# Understanding the definition of vector bundle

I'm currently studying from Husemaller Vector Bundles and I'm having some problems understanding the definition given and the conventions used by the author. I think that the book gives a definition which is very general and then the reader should specify it to the needed context. I don't understand when I have to disambiguate the latter.

For example proposition $$1.5$$ p.$$25$$ states:

Proposition 1.5: Let $$\xi = (E,p,B)$$ be a $$k-$$dimensional vector bundle. Then $$p$$ is an open map. The fibre preserving functions $$a : E \oplus E \longmapsto E$$ and $$s: F \times E \longmapsto E$$ defined by the algebraic operations $$a(x,x') = x+x', s(k,x) = kx, k \in F$$, are continuos.

What I don't understand are the following: why should I ask continuity of cross sections in the first place? the definition of vector bundle given is the following :

Definition: A $$k$$-dimensonal vector bundle $$\xi$$ over $$F$$ is a bundle $$\xi = (E,p,B)$$ together with the structure of a $$k-$$dimensional vector space over $$F$$ on each fibre $$p^{-1}(b)$$ such that the following local triviality condition is satisfied. Each point of $$B$$ has an open neighborhood $$U$$ and a $$U-$$isomorphism $$h:U \times F^k \longmapsto p^{-1}(U)$$ such that the restriction $$b \times F^k \longmapsto p^{-1}(b)$$ is a vector space isomorphism for each $$b \in U$$.

Here the word $$U-$$isomorphism seems undefined. Does the author mean homeomoprhism? the word bundle came with an other definition which doesn't seem to involve continuity, in other words a bundle is described as a triple $$(E,p,B)$$ where $$p: E \longmapsto B$$ is a map.

I don't understand what's peculiar with this definition, it seems that random maps are bundles. Could someone with more experience with me help me clarify?

In the end I don't understand what kind of structure $$E$$ has in order to well define sum and "scalar" multiplication, i.e $$a,s$$.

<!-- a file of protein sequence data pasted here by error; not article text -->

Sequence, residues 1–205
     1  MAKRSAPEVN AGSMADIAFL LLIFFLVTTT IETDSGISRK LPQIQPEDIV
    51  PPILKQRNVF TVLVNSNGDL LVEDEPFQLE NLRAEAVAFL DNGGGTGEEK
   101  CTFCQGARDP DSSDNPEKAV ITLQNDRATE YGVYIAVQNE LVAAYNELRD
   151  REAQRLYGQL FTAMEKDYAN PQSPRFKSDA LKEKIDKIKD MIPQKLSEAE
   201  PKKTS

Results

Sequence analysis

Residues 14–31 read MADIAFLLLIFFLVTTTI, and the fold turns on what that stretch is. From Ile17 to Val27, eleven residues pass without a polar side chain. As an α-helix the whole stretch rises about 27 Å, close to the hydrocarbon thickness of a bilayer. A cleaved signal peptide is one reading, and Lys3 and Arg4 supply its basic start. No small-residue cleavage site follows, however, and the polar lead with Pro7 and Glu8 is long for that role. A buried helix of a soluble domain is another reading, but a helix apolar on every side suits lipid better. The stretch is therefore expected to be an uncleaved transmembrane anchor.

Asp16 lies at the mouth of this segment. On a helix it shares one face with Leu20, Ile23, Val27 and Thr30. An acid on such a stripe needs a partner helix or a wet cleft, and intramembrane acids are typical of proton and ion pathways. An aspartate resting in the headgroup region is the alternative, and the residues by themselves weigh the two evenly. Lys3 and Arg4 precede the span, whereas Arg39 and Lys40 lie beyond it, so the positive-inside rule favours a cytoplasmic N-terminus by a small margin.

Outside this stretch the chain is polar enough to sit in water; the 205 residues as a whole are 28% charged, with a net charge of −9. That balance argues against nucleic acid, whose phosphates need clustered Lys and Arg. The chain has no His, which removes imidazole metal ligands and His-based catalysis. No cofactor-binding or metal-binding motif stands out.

Any help would be appreciated.

• there is a very strong condition on the map $p$ in the definition, a random map usually don't satisfy these condition, usually even the fibers are not vector space, let alone the part about local triviality of the map
– ali
Oct 11, 2021 at 16:19

first of all if you have maps $$f:X\to S$$,$$g:Y\to S$$,by a $$S$$ morphism between $$h:X\to Y$$ we mean that $$f=h\circ g$$(so the two way you can go from $$X$$ to $$S$$ should be the Same). In your example you have maps $$E_{|U}\to U$$,$$U\times V\to U$$ so you can talk about a $$U$$ morphism between $$E_{|U}$$ and $$U\times V$$(the point of a $$S$$ morphism $$h$$ is basically that you want $$h$$ to sends fiber over $$s$$ in $$X$$ to the fiber over $$s$$ in $$Y$$ ).

When you define a vector space, you don't mention continuity because you don't even have a topology, but it is an easy exercise that if you have a topological field(like $$\mathbb{R},\mathbb{C}$$) if you put the product topology on $$V$$, the sum and scalar product become continuous.

about the relationship between definition and proposition: when you have $$p: E\to B$$ by definition you have a sum and scalar product on each fiber so you get maps $$E\times E\to E$$, and $$F\times E\to E$$ and these are continuous because $$E$$ locally looks like $$U\times V$$ and for $$U\times V$$ you know that these maps are continuous(by previous paragraph).

the idea of the bundle is that it is a space $$E$$ over $$B$$(meaning that there is a map $$E\to B$$) that locally looks like the product of $$B$$ with a fixed space. if this fixed space is a vector space, we call $$E$$ a vector bundle. but you can also talk about a circle-bundle or a $$F$$-bundle for any fixed space you pick.

• Thanks, this answer clarifies a lot, I'm surprise by the definition of $U-$isomorphism, on the notes given by Hatcher [here](pi.math.cornell.edu/~hatcher/VBKT/VB.pdf) it seems to require homeomorphism. Are the two notions equivalent? Added: on $U \times V$ you put the product topology to exploit second paragraph of your answer? Oct 11, 2021 at 16:25
• for your first question: this definition says $U$-isomorphism I assume that by an isomorphism he means a homomorphism that respect the addition and scalar product on fibers. being a $U$-isomorphism is as I said means that the fiber over every point of $U$ in $E$ goes to the fiber over that point in $U\times V$. hatcher notes also has this condition. an $S$ morphism is a standard notation in math(it comes from category theory)
– ali
Oct 11, 2021 at 17:12
• @jacopoburelli for your second question, yes. as a topological space $U\times V$ has product topology
– ali
Oct 11, 2021 at 17:13
• Okay, thanks for the comment, I wasn't familiar with these aspects of category theory. Oct 11, 2021 at 17:14
• What's the map $E_{|_{U}}$ you'reffering to? $U \subseteq B$. Oct 11, 2021 at 20:07